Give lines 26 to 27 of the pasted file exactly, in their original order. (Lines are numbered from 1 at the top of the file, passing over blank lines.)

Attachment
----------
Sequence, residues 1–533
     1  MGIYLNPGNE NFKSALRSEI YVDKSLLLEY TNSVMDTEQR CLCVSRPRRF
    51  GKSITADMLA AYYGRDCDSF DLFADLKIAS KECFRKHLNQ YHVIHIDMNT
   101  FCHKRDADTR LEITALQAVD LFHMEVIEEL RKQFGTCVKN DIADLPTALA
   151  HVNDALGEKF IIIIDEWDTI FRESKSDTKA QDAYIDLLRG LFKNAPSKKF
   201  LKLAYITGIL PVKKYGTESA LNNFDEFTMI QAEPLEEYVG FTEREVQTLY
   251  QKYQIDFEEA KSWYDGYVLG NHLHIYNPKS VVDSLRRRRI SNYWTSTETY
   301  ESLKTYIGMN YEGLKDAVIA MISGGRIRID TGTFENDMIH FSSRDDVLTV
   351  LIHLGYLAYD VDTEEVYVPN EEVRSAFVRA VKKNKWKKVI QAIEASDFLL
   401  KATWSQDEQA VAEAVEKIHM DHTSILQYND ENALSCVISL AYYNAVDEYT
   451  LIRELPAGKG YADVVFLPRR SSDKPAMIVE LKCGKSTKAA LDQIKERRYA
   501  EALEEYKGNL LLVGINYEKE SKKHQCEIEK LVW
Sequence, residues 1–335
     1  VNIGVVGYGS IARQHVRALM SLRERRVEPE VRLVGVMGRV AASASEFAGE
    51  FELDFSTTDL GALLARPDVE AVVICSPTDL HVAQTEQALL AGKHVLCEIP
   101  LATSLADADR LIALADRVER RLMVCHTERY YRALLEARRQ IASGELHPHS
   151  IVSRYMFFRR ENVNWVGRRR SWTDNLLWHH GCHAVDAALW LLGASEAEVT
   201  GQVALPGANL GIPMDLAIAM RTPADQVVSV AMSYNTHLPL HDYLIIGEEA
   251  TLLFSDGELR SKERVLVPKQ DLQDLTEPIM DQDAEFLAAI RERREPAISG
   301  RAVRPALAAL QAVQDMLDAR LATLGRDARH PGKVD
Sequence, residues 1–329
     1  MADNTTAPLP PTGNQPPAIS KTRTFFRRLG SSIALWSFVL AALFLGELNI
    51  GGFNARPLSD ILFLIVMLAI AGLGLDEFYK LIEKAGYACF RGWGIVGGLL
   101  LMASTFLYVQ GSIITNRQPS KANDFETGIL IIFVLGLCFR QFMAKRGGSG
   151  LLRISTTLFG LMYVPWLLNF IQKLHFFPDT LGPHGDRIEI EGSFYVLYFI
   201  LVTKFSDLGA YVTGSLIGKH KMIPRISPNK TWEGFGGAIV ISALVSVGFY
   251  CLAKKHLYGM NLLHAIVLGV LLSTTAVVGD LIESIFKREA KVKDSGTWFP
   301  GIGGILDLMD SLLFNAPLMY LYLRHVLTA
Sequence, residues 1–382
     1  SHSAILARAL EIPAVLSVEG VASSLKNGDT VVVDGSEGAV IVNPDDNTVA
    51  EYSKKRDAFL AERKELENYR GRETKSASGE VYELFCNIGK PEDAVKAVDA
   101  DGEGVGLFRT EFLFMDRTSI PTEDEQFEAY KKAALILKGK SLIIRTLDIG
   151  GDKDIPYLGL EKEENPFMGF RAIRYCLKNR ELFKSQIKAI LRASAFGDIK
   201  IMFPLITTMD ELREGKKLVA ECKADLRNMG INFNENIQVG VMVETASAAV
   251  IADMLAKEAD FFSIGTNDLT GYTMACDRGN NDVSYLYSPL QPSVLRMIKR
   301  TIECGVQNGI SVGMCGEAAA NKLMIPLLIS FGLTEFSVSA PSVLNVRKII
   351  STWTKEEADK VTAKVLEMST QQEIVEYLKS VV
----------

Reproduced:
   201  LVTKFSDLGA YVTGSLIGKH KMIPRISPNK TWEGFGGAIV ISALVSVGFY
   251  CLAKKHLYGM NLLHAIVLGV LLSTTAVVGD LIESIFKREA KVKDSGTWFP